Nearly five decades ago, the first “FIRST” was launched by French boat builder Beneteau. It was the FIRST 30 and it set a standard for fast cruising sailboats. The line did well and kept evolving over the years with new designs, sail plans and accommodations, and each successive redraw enjoyed significant popularity. This year, Beneteau announced the addition of the FIRST 36 in January and now the FIRST 44 that will be on the water in Europe this summer and at the Cannes Yacht Festival this fall. The latest design is a worthy addition to Beneteau’s racer/cruiser line and it even comes in two flavors to highlight its versatility.

2023 Beneteau FIRST 44

Above: A 2023 Beneteau FIRST 44 sailboat for sale on YachtWorld. Photo via Murray Yacht Sales in St. Petersburg, FL.

Design And Versions

Designed by Roberto Biscontini who includes America’s Cup racers on his CV, the FIRST 44 went through several revisions before a design was agreed upon. The model is a great mid-point between the FIRST 36 and the FIRST 53, which technically belongs to the FIRST YACHT grouping but shares the same racer/cruiser approach. There are two versions – the FIRST 44 (cruiser focused) and the FIRST 44 PERFORMANCE (racing oriented) that comes with a different deck layout and options for enhanced keel and mast configurations.

FIRST 44 "Performance" Version

The FIRST 44 PERFORMANCE borrows from the builder’s Figaro 2 design that uses water ballast. Two 80-gallon ballast tanks can be filled electrically with just the touch of a button at the helm. This compensates for weight when racing short-handed and crew is not available for optimized balance. The needs and movement of multiple racers aboard were studied in regatta sailing and the results have yielded changes in the cockpit including a foam non-skid surface on the sole that replaces hard teak.

Also, two winches were added at the companionway and the other four were spread out to give multiple users working together more elbow room. A traveler runs along the cockpit sole and is the attachment point for the mainsheet. A 4.5-foot bowsprit is added ahead of the open bow pulpit and the split backstay is hydraulic for better control of mainsail shape. And of course, the performance version includes a deeper keel to drive the boat harder and help her point higher.

FIRST 44 - Standard (Cruiser-Focused)

By comparison, the standard FIRST 44 cruiser features only four winches – two on each side, closely grouped so they stay within reach of the helms and away from the social part of the cockpit. The mainsheet still terminates in the center of the cockpit but now it’s behind the added drop-leaf table and has no traveler. The bowsprit and keel are shorter, and the mast has been moved aft to create a smaller mainsail but more generous headsail options. Even the binnacles that hold the wheels are different between the two flavors with the ones on the standard version looking like superyacht pods.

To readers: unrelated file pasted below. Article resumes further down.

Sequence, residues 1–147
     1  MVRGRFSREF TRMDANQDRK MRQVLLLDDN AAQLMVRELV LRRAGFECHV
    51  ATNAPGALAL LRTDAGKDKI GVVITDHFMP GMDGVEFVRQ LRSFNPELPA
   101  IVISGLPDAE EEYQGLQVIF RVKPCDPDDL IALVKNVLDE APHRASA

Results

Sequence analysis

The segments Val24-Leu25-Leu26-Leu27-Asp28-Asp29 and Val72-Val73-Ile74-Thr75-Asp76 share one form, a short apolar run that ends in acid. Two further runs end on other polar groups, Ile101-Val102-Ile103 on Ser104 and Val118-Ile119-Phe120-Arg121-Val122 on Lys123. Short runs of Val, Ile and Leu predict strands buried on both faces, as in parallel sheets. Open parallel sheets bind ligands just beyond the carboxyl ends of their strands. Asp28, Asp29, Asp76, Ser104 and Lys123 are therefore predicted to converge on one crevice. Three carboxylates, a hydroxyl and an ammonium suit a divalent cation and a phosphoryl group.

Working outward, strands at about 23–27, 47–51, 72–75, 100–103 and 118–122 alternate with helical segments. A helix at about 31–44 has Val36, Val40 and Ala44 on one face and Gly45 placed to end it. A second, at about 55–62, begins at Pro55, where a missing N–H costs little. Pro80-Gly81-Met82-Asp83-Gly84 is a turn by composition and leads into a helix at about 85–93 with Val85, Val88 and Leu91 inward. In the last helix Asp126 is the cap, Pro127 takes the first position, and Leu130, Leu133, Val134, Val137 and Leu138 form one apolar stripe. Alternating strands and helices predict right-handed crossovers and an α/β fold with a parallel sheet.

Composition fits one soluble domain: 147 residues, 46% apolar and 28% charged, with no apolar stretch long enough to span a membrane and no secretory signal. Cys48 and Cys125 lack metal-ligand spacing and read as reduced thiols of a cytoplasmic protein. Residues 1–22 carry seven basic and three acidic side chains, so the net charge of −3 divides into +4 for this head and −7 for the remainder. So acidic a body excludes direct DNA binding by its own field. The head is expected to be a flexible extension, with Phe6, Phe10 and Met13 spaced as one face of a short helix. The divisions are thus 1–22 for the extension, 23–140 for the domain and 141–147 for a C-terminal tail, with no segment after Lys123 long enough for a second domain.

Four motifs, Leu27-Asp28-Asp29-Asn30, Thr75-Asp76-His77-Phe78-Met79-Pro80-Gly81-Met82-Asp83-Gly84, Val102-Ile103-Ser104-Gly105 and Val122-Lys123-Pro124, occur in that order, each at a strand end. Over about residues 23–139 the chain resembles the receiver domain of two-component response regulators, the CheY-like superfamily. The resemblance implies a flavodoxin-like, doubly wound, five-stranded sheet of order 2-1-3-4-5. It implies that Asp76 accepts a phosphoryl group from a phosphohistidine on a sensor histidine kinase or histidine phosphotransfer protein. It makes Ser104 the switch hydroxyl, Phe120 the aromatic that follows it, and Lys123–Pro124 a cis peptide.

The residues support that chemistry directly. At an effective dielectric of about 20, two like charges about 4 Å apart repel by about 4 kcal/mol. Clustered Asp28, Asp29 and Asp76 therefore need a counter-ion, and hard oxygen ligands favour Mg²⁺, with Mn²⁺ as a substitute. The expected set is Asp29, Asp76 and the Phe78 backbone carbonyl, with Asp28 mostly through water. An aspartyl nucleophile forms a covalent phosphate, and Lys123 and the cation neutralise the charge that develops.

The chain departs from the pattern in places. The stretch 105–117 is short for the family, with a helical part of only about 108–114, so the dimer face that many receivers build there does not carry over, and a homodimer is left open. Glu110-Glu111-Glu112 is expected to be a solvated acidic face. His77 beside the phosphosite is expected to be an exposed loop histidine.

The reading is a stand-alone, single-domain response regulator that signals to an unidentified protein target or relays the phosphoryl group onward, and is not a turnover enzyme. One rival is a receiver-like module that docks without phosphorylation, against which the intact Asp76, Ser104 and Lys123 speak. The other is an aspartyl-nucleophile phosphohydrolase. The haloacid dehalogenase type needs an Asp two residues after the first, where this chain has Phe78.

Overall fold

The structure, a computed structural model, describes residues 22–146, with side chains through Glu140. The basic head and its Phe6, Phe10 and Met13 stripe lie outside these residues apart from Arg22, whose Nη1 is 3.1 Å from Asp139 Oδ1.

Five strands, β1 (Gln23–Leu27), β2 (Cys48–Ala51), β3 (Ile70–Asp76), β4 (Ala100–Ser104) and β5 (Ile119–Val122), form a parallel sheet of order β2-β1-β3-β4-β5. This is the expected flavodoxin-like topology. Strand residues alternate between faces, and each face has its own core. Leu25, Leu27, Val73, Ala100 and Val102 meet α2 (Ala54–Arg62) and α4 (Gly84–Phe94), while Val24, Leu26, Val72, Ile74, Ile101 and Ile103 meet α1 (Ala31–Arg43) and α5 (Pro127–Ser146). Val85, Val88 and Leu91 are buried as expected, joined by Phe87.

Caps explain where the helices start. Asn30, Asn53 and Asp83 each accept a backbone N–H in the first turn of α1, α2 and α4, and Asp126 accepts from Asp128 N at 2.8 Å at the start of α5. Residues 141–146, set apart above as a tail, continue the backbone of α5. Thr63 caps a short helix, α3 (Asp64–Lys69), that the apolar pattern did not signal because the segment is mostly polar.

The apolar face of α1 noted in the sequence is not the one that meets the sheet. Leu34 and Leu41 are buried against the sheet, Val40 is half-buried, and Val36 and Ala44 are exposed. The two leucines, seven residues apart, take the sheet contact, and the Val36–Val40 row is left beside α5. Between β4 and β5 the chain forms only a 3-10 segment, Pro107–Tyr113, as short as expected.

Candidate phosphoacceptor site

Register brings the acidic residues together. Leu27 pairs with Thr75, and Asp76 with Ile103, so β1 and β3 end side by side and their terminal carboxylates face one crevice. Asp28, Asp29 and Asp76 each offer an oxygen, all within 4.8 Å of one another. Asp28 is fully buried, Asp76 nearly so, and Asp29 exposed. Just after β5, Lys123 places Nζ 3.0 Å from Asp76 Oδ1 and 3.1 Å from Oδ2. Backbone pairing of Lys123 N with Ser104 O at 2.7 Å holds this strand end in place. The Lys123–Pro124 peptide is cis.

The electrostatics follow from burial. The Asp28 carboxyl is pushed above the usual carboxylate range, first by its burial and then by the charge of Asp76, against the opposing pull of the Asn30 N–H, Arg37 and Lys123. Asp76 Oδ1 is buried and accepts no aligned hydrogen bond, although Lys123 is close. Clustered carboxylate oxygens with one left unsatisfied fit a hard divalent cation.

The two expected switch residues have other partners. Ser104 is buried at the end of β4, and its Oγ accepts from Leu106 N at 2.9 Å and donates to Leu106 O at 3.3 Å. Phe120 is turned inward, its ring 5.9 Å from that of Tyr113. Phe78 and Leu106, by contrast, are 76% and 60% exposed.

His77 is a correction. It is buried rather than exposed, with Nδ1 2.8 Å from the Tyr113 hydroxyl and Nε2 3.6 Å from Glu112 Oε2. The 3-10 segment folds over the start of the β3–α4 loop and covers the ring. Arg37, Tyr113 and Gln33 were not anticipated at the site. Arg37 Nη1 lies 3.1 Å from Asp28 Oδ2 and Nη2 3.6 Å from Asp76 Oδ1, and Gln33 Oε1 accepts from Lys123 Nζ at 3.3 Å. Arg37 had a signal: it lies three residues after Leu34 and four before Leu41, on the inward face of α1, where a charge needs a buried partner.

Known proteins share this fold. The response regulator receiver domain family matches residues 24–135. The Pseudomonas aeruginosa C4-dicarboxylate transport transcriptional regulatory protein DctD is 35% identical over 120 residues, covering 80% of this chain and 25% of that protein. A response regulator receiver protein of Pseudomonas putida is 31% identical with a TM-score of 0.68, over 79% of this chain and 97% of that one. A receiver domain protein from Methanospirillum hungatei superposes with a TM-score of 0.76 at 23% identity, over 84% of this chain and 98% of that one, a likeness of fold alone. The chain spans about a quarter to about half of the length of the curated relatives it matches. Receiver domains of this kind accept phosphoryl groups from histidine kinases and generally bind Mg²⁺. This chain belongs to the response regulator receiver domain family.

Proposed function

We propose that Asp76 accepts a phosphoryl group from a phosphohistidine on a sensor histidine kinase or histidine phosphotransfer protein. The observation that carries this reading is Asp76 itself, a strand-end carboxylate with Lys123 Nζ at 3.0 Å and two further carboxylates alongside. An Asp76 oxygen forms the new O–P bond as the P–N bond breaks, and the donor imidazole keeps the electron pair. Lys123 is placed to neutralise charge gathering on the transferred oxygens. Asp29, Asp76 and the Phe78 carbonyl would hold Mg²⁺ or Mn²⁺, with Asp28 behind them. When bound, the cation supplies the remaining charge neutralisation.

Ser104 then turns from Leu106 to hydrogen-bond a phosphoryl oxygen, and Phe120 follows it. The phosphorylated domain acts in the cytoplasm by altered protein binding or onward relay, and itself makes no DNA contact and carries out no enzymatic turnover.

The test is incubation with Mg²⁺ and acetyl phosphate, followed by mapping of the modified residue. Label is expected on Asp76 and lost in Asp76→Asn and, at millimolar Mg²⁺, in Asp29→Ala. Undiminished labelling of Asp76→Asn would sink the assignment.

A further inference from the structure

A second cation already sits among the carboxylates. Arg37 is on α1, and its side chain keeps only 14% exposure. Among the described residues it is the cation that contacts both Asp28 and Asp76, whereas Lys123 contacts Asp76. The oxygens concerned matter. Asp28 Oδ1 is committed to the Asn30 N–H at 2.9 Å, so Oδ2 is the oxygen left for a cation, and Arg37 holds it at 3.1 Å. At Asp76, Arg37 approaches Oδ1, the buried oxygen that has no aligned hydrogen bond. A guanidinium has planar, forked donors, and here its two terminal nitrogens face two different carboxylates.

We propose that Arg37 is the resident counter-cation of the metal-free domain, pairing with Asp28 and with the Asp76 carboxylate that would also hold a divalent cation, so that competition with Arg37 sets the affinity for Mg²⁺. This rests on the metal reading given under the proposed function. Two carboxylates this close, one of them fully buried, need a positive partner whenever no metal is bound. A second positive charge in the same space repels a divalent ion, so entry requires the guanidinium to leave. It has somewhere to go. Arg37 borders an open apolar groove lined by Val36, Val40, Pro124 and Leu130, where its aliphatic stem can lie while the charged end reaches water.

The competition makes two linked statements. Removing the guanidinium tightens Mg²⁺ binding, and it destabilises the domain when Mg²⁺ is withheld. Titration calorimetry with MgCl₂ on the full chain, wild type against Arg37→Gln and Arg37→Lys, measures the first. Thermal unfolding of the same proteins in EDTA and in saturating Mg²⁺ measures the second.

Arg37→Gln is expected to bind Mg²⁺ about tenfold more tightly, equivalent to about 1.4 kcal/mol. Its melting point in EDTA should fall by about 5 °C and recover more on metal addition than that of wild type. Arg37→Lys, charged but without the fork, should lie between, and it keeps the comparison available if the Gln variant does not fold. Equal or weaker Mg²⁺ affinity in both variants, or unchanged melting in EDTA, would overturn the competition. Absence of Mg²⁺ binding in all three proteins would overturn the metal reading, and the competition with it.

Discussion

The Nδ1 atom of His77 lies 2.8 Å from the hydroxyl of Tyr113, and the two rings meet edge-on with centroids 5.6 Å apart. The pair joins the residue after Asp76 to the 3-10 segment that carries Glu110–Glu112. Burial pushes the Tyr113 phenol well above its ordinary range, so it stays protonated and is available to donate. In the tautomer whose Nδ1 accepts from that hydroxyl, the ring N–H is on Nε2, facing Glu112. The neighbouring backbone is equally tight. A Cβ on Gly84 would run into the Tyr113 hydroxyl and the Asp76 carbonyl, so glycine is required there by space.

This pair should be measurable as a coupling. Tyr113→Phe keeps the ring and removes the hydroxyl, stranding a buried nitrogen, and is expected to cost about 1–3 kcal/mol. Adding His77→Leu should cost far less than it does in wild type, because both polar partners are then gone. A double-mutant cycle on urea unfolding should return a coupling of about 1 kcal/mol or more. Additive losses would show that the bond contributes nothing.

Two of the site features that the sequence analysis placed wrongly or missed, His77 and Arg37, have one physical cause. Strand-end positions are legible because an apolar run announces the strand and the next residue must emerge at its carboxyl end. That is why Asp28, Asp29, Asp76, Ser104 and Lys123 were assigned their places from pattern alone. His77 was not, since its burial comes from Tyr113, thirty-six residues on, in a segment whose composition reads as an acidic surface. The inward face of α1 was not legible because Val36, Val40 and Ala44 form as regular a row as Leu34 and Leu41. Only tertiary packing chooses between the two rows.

Both designs have a drop-down transom with room below the deck for a tender, and twin rudders which are helpful since this hull is nearly 14 feet on the beam. Both versions also have the step-up side deck where you walk from the cockpit, around the wheels and then step up to the deck without ever having to climb over the cockpit coaming. The performance version is nearly 1,000 pounds lighter and has a bulb keel that draws 17 inches more than the standard keel. There’s one choice of propulsion and that’s a 57-hp diesel.


Beneteau’s go-to interior designer is Roberto Argento. The layout includes three cabins and two heads. The master is forward with an ensuite wet head while the main head aft to starboard has a nice shower stall. When racing, it’s likely that one of the aft cabins will serve as a sail locker and stowage space.

Main Saloon

The saloon is quite posh, especially if the boat will do heavy race work. The whole interior is offset from the midline. On port, there’s a four-person settee next to the deck-stepped mast. This leaves enough room on starboard to walk forward and go to the master cabin that also has its door offset to accommodate traffic flow. A double sofa runs along the starboard side and forms the seat of a small aft-facing nav desk.


The galley has a top loading fridge/freezer and a two-burner stove. The placement of the sink is interesting. Most designers place the sink as near to the centerline as possible to ensure good drainage regardless of the tack the boat is on. The FIRST 44’s sink is outboard, so we’ll have to see how popular that is.

The finish is a combination of Alpi wood and white surfaces that brighten the boat considerably. Two overhead hatches (one forward and one aft of the mast) bring in good light and air, and there’s strategic use of indirect lighting that provides an upmarket feel.

A racer or cruiser?

Some sailors will argue that the racer/cruiser moniker means a design excels at neither, but others point out that a fast cruise under sail appeals to many whether they ever actually cross a starting line or not. It also never hurts to have an extra knot of speed when heading home or dodging a storm. So, is the new Beneteau FIRST 44 a racer or a cruiser? The answer is – yes.

LOA: 46’ 5” (with standard bowsprit)
Beam: 13’ 11”
Displacement: 22, 708 pounds (cruising version)
Draft: 7’ 1” to 8’ 6”
Air draft: 63’ 8”
Aux power: 58-hp diesel
Fuel: 58 gallons
Water: 87 gallons

Written by: Zuzana Prochazka
Zuzana Prochazka is a writer and photographer who freelances for a dozen boating magazines and websites. A USCG 100 Ton Master, Zuzana has cruised, chartered and skippered flotillas in many parts of the world and serves as a presenter on charter destinations and topics. She is the Chair of the New Product Awards committee, judging innovative boats and gear at NMMA and NMEA shows, and currently serves as immediate past president of Boating Writers International. She contributes to and, and also blogs regularly on her boat review site,